d) his wholesome youthfulness contrasted with the cynicism and debunking of the jazz age.
e) he and his wife Anne Morrow Lindbergh made such an appealing couple.
The American airline industry in the 1920s made most of its early profits through
a) air freight and bulk cargo.
b) subsidies from state and local governments.
c) mail contracts with the federal government.
d) passenger fares.
e) crop dusting and cloud seeding.
b & d
During the 1920s, large numbers of Americans were able to purchase relatively expensive automobiles, appliances, and radios through the relatively new innovation of
a) consumer co-ops.
b) special sales and price reductions at certain times of year.
c) catalog sales.
d) big box discount stores.
e) consumer credit.
The prosperity that developed in the 1920s
a) closed the gap between rich and poor.
b) led to a growing level of savings by the American public.
c) was accompanied by a cloud of consumer debt.
d) enabled labor unions to gain strength.
e) was concentrated primarily in heavy industry.
Among the major figures promoted by mass media image makers and the new sports industry in the 1920s were
a) John L. Sullivan and William Cody.
b) Al Jolson and Margaret Sanger.
c) Mickey Mantle and Rocky Marciano.
d) Henry Ford and Charles Lindbergh
e) Babe Ruth and Jack Dempsey.
The "flapper" of the 1920s represented:
a) women who opposed drinking and smoking
b) female conservatives who opposed the equal rights amendment and longed for the old "cult of domesticity."
c) a yearned for independence among American women
d) born-again Christians who replaced the Fundamentalist view of a vengeful God with a more modern, loving god
What contribution did Henry ford make to the automobile industry?
a) the emergence of the luxury car boom to meet the demand of Americans who wanted transportation with comfort and style
b) the moving assembly line and standardized parts that made the automobile available and affordable to the working man
c) the marketing of vehicles in a number of vibrant colors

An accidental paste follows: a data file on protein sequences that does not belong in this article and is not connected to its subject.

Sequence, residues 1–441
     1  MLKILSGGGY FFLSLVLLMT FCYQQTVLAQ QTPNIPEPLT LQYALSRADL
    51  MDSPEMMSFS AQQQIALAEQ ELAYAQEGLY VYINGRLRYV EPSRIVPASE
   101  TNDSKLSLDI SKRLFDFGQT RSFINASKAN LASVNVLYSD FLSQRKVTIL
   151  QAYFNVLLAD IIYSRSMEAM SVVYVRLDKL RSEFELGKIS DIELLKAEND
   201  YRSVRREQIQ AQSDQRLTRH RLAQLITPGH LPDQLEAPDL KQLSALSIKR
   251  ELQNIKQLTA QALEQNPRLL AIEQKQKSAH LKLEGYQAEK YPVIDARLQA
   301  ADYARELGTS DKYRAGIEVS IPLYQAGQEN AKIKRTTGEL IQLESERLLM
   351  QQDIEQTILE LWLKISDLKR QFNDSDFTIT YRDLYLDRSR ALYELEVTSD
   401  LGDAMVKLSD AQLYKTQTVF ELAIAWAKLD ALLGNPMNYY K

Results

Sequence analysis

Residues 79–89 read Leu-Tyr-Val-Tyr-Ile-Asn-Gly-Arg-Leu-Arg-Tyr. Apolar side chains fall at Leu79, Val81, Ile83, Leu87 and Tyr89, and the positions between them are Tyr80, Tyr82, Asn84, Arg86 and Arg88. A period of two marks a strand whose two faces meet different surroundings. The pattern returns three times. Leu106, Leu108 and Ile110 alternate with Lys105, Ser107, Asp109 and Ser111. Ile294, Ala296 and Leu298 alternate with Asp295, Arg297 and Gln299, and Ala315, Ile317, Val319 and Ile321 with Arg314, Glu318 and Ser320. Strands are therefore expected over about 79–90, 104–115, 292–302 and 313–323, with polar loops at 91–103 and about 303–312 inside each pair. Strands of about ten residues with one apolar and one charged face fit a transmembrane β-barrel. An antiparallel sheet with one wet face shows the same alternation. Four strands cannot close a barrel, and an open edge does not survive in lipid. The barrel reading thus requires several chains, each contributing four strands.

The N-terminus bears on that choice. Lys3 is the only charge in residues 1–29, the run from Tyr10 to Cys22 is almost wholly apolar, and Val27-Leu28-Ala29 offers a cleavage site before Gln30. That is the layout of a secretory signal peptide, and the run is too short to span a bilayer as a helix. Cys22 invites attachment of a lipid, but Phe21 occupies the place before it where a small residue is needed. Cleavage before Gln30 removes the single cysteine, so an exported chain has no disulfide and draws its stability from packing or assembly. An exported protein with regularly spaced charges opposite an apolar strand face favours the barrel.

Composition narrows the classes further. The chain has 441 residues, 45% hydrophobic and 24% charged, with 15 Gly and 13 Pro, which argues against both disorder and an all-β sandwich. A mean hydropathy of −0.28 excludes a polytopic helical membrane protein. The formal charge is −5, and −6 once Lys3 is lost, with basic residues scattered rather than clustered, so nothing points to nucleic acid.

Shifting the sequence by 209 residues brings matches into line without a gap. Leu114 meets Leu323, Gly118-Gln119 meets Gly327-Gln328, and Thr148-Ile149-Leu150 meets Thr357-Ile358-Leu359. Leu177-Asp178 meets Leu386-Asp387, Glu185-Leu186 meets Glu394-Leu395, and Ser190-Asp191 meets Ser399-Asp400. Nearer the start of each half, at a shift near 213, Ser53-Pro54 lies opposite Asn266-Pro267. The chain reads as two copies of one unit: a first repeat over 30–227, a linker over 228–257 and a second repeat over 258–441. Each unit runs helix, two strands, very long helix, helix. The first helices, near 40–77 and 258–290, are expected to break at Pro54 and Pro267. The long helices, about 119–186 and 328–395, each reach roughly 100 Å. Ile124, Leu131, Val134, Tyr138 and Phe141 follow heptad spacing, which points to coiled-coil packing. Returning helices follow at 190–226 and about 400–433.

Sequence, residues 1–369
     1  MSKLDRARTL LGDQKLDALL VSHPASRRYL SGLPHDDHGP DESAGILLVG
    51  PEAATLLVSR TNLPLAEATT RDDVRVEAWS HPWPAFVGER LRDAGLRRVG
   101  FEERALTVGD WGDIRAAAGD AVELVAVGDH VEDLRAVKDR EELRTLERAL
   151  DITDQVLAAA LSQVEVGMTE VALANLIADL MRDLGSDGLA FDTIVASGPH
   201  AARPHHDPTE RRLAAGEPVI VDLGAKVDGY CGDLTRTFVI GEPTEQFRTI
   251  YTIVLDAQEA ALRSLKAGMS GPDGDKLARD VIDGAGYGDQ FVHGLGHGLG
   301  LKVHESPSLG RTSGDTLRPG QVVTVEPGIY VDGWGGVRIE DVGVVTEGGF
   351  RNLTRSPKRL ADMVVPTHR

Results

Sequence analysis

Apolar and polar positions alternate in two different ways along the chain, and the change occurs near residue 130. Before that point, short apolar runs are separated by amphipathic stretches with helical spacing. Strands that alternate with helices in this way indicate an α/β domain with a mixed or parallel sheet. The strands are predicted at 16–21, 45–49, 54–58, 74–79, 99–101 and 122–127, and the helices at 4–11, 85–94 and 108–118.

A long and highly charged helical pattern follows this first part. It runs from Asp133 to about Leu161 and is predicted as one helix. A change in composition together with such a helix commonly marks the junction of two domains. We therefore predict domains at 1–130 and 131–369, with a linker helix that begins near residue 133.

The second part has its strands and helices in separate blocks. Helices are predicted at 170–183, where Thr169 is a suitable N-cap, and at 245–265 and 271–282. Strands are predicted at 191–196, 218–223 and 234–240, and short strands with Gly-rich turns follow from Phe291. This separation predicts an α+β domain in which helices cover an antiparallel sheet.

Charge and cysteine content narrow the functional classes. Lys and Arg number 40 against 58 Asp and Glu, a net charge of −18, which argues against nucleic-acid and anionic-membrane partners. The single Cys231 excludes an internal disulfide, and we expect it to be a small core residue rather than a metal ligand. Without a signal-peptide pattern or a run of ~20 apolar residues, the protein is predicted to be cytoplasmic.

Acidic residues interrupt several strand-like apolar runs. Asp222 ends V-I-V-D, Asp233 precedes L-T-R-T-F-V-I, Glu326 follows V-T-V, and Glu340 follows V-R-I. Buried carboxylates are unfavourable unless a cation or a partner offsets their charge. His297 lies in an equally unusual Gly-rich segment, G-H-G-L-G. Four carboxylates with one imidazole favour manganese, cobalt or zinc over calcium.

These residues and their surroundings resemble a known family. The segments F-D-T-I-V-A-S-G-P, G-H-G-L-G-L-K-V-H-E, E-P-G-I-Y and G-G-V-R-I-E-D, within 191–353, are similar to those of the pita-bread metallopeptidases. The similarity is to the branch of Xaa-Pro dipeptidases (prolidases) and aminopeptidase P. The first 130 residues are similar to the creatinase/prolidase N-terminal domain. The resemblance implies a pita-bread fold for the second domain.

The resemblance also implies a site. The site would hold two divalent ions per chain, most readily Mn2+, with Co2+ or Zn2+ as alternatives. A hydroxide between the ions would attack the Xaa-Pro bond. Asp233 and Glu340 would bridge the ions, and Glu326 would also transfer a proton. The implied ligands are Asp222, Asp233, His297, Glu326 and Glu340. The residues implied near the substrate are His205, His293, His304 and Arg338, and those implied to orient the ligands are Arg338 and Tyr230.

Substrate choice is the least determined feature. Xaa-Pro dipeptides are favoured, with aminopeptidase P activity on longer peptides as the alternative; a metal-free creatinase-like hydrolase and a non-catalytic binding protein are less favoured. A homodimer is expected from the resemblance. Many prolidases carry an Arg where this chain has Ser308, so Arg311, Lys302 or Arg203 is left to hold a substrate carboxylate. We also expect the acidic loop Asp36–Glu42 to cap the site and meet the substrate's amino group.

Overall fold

d) the replacement of unskilled laborers with skilled engineers
e) all of the above
The first talkie motion picture was
a) The Birth of a Nation.
b) The Great Train Robbery.
c) The Jazz Singer.
d) Gone With the Wind.
e) The Wizard of Oz.
Jazz music was developed by
b) American teenagers.
c) American blacks.
d) Caribbean immigrants.
e) Caucasian impresarios.
The outpouring of African American literature and art in New York City in the 1920s was
a) known as the Harlem Renaissance
b) was the brainchild of W.E.B. DuBois
c) replicated in cities across the nation
d) known as the Negro Revival
e) a sign that the U.S. society was ready to support black artists
During Coolidge's presidency, government policy was set largely by the interests and values of
a) farmers and wage earners.
b) racial and ethnic minorities.
c) progressive reformers.
d) the business community.
e) conservative New Englanders.
In the mid-1920s, President Coolidge twice refused to sign legislation proposing to
a) subsidize farm prices.
b) lower taxes.
c) make the United States a member of the World Court.
d) exempt farmers' cooperatives from the antitrust laws.
e) defend the family farm against corporate takeovers.
The 1920 census revealed that, for the first time, most
a) families had fewer than four children.
b) Americans lived in cities.
c) adult women were employed outside the home.
d) Americans lived in the trans-Mississippi West.
e) men worked in manufacturing.
The 1928 Kellogg-Briand Pact
a) established a battleship ratio for the leading naval powers.
b) formally ended World War I for the United States, which had refused to sign the Treaty of Versailles.
c) officially outlawed war as a solution to international rivalry and conflict.
d) set a schedule for German payment of war reparations.
e) condemned Japan for its unprovoked attack on Manchuria.
The outcome of the Sacco and Vanzetti trial was evidence of
a) the high caliber of judges in the early twentieth century
b) Americans' general loathing for thieves and murderers
c) the impartiality of the American judicial system
d) good police work
e) the antiforeign hysteria that was rampant among many Americans
The Fordney-McCumber and Hawley-Smoot Tariff laws had the long-term effect of
a) encouraging the United States to turn more to Asia than to Europe for imports.
b) pressuring the Europeans to lower their own tariff rates in order to retain American trade.
c) shrinking international trade and making it impossible for Europe to repay American war loans.
d) bringing American farmers out of the agricultural depression of the early 1920s.
e) lowering the prices Americans paid for domestic manufactured goods.
One of the major problems facing farmers in the 1920s was
a) the inability to purchase modern farm equipment.
b) the prosecution of cooperatives under antitrust laws.
c) passage of the McNary-Haugen Bill.
e) drought and insects like the boll weevil.
America's European allies argued that they should not have to repay loans that the United States made to them during World War I because
a) Germany was not paying its reparations to them, so they could not afford to pay off the loans.
b) they had paid a much heavier price in lost lives, so it was only fair for the United States to write off the debt.
c) the amount of money involved was not significant.
d) the United States was making so much money from Mexican and Middle Eastern oil that it did not need extra dollars.
e) the United States had owed them about $4 billion before the war.